TRUSTe Unveils Mobile Targeting, Opt-Out Tool
TRUSTe is unveiling a new tool that mobile companies will use to target iPhone and Android users, while also enabling consumers to opt out of receiving in-app ads targeted based on their activity.
To accomplish this, TRUSTe is offering app developers access to a software development kit that will place an identifier -- which it calls a Trusted Preference Identifier -- on users' devices. App developers also will employ that identifier to recognize and target users. If people opt out of receiving targeted ads, that information will be tied to their identifier.
Mobile companies will be able to access TRUSTe's database of Trusted Preference Identifiers and determine whether users have opted out; if so, the mobile companies won't serve targeted ads to those users.
Companies that have already indicated they will use the tool, called TRUSTed Mobile, include Electronic Arts, HasOffers, Human Demand, InMobi, JiWire, Medialets, Millennial Media and Nexage.
In the past, mobile companies were able to track iPhone users through their devices' 40-character identifiers known as UDIDs (unique device identifiers). Some mobile ad networks allowed people to opt out, but the process required them to write down their 40-character UDID and submit it to the network.
Apple recently began limiting developers' access to UDIDs, which has left mobile companies seeking alternatives. A few of the options to emerge -- such as tracking iPhone users based on their MAC addresses or their phones digital fingerprints -- are seen as privacy unfriendly, largely because people have no easy way of deleting a MAC address or digital fingerprint.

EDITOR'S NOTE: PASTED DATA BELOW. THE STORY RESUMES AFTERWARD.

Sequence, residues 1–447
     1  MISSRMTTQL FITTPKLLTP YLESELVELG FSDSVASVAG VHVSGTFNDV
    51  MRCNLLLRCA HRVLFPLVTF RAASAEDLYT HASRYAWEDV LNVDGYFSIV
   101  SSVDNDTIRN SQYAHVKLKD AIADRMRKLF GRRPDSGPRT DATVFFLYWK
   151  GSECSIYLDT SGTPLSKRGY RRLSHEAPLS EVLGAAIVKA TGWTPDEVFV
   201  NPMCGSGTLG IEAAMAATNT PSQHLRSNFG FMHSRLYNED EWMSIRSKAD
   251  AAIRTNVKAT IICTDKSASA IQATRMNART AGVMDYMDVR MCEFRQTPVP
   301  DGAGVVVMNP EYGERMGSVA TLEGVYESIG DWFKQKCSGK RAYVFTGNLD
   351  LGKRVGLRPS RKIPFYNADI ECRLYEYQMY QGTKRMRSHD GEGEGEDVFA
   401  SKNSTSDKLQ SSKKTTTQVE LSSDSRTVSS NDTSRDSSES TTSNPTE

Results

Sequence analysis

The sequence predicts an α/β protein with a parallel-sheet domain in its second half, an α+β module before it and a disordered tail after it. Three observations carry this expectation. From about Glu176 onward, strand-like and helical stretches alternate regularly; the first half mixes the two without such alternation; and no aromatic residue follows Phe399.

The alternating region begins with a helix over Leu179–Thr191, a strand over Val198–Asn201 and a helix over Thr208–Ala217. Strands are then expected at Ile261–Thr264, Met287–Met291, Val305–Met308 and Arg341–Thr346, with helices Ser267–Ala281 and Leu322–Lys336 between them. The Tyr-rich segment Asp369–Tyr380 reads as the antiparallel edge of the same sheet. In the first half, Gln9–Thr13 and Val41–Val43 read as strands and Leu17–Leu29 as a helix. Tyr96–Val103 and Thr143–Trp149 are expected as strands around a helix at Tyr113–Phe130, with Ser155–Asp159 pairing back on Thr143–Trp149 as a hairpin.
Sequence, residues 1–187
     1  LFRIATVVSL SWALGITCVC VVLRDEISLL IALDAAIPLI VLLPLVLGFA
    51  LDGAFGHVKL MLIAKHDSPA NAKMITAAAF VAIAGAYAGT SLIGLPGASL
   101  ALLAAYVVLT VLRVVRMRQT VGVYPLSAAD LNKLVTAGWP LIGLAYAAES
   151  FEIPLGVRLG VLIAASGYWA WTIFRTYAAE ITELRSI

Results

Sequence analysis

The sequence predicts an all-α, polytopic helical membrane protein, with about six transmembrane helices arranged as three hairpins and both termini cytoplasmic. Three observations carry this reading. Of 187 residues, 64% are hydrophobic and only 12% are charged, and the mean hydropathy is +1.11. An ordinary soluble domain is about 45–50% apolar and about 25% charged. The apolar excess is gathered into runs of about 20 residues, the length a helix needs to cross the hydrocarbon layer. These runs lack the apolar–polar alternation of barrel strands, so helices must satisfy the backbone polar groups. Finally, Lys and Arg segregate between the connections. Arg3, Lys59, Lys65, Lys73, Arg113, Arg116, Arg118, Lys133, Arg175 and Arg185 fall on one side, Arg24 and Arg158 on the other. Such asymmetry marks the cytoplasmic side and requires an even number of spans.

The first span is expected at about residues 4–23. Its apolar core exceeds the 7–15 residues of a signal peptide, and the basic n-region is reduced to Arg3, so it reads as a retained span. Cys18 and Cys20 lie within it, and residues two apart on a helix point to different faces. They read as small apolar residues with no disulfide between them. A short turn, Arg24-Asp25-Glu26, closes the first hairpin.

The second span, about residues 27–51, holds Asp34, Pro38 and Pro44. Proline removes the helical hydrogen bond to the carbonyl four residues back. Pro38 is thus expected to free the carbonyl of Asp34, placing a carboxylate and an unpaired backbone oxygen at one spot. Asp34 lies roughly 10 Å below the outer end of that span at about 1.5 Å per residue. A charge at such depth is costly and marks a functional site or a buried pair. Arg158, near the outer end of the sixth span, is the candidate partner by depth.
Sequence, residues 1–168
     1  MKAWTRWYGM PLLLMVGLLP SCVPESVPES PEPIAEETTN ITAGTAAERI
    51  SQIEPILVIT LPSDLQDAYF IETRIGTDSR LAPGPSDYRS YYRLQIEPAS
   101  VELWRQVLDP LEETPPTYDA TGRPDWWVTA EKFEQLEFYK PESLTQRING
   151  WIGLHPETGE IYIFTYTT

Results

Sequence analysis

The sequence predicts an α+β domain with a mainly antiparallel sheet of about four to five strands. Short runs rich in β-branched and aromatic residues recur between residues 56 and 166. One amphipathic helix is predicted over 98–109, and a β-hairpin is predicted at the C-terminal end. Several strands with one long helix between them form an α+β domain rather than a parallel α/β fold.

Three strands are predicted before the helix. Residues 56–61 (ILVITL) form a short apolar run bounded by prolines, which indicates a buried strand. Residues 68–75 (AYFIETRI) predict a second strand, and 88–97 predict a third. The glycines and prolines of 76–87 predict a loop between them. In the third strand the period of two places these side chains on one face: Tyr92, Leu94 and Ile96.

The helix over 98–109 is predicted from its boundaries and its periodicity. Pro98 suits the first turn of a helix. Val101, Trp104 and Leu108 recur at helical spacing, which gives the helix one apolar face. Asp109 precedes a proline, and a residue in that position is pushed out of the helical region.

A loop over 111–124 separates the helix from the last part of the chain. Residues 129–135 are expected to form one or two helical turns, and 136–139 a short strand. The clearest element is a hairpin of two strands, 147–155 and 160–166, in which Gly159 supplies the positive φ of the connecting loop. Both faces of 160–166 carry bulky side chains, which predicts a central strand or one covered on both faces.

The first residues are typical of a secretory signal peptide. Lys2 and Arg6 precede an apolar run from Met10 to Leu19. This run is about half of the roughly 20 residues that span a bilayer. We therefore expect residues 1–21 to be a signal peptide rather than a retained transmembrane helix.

TRUSTe CEO Chris Babel says that consumers who install the identifier can later effectively delete the data associated with their devices by "renewing" or "revoking" it. Consumers who "renew" the identifier will receive a new one that maintains their opt-out preferences, but isn't tied to their old identifier -- and, therefore, can't be linked to cookie-like data previously associated with their devices.
People who "revoke" the identifier will simply receive a new one that doesn't include information about their opt-out preferences -- similar to what happens when consumers delete all desktop cookies, including opt-out cookies.
Jules Polonetsky, co-chair and director of the think tank Future of Privacy Forum, praised the tool for giving consumers an easier way to opt out of in-app ad targeting than submitting UDIDs to ad networks. "By providing a clickable mobile opt-out, TRUSTed Mobile ads makes consumer choice much easier," he says.